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Teaching residents: critical appraisal of the literature using a journal club format
  1. Erik Hohmann1,2,3,
  2. Kevin Tetsworth3,4,5
  1. 1Department of Orthopaedic Surgery, Clinical Medical School, University of Queensland, Rockhampton, Queensland, Australia
  2. 2Musculoskeletal Research Unit, Central Queensland University, Rockhampton, Queensland, Australia
  3. 3Orthopaedic Research Centre of Australia, Brisbane, Queensland, Australia
  4. 4Department of Orthopaedic Surgery, Royal Brisbane Hospital, Herston, Queensland, Australia
  5. 5Department of Surgery, School of Medicine, University of Queensland, Rockhampton, Queensland, Australia
  1. Correspondence to Professor Erik Hohmann, Musculoskeletal Research Unit, Central Queensland University, PO Box 4045, Rockhampton, QLD 4700, Australia; ehohmann{at}


Objectives Critical appraisal of the literature is an integral and important part of surgical practice, but can this skill be taught to young doctors? The purpose of this study was to investigate the effect of formal instruction regarding critical review and appraisal of journal articles, using junior surgical residents followed over the course of a 10-week long programme.

Methods First-year surgical residents who participated in the department of orthopaedic surgery's compulsory journal club evaluated one article per week for 10 weeks, using the reviewer guidelines and a scoring system currently used by Arthroscopy. The article was selected by a senior consultant orthopaedic surgeon and was provided for assessment to each resident the week prior. The scores and evaluation recommendation (accept, revise and reject) of the residents were then compared against the senior surgeon's assessment. A contingency table and Fisher's exact test was used to compare the frequency of agreement between the decisions of the senior surgeon and the residents.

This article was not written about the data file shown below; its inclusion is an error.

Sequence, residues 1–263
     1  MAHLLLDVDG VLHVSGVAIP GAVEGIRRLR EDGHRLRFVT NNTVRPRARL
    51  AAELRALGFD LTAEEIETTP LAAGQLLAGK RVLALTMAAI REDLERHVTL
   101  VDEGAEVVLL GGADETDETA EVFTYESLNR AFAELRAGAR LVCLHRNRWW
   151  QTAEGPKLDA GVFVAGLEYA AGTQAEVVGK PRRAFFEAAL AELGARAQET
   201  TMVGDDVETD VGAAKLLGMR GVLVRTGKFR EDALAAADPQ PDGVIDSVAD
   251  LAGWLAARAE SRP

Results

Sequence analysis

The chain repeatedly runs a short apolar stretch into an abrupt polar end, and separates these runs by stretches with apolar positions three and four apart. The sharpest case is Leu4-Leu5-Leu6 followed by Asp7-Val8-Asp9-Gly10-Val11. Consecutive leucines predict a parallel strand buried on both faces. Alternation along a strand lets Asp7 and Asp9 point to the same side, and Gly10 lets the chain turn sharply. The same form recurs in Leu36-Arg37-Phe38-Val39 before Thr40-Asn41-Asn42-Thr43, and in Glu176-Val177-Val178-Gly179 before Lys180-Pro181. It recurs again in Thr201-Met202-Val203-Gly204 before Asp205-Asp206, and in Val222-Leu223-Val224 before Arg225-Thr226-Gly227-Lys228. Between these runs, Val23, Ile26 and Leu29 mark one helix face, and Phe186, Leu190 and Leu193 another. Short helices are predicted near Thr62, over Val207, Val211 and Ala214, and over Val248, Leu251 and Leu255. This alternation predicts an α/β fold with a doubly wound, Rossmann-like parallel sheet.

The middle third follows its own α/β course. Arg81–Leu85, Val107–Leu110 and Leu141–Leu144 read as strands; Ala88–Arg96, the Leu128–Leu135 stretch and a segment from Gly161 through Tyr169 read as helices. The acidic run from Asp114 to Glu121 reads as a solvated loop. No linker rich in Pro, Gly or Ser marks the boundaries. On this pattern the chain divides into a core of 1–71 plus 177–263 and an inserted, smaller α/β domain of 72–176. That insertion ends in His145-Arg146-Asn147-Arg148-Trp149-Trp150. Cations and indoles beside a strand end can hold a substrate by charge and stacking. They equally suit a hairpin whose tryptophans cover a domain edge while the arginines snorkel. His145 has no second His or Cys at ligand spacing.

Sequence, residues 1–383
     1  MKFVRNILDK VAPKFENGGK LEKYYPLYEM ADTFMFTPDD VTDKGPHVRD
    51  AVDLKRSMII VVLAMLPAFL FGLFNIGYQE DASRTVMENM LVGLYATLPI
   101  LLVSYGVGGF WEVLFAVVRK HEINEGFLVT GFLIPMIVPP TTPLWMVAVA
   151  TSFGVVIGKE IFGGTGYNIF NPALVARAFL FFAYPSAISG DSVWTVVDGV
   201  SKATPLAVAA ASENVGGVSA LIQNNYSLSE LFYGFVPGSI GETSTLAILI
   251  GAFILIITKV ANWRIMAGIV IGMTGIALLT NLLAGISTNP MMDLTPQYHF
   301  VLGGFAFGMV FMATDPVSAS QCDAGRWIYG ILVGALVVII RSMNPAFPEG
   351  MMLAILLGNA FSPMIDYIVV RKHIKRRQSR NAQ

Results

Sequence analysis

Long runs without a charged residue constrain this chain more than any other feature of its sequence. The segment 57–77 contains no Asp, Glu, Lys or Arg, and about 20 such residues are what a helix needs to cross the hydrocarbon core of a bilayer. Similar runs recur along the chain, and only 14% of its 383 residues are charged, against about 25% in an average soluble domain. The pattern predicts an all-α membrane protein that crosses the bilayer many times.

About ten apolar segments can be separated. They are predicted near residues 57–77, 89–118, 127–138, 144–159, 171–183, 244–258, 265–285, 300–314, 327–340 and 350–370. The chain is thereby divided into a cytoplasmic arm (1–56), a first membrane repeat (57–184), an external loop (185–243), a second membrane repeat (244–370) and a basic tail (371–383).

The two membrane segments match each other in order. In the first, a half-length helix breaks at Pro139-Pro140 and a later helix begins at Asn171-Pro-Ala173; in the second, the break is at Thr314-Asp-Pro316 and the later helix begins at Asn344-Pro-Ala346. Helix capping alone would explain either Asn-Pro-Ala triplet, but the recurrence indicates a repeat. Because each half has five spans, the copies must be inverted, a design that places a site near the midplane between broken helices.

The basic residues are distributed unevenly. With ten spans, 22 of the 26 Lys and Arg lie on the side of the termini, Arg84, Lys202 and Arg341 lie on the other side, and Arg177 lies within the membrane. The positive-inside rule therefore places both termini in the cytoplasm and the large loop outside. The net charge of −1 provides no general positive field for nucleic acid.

Results Twenty residents were included. Agreement in overall total assessment scores increased significantly (p=0.0001) from 49.5% at session 1 to 82.5% at session 10. When comparing the mean percentage of agreement of the first five sessions (61%) with the second five sessions (95%), a significant (p=0.03) increase was observed. The percentage of agreement with the senior surgeon (whether the article should be accepted, revised or rejected) improved from 0% for the first session to 60% at the last session (χ2=7.2–11.2, p=0.02–0.04).

Conclusions The results strongly suggest that a structured approach to the review and appraisal of journal articles using the format of a journal club significantly improves critical reading skills for first-year surgical residents.


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  • Contributors Both authors had full access to all the data and take responsibility for the integrity of the data and the accuracy of the data analysis. EH and KT contributed equally. Study conception and design, acquisition of data, analysis and interpretation of data, drafting of manuscript and critical revision: EH and KT.

  • Competing interests None declared.

  • Patient consent Obtained.

  • Provenance and peer review Not commissioned; externally peer reviewed.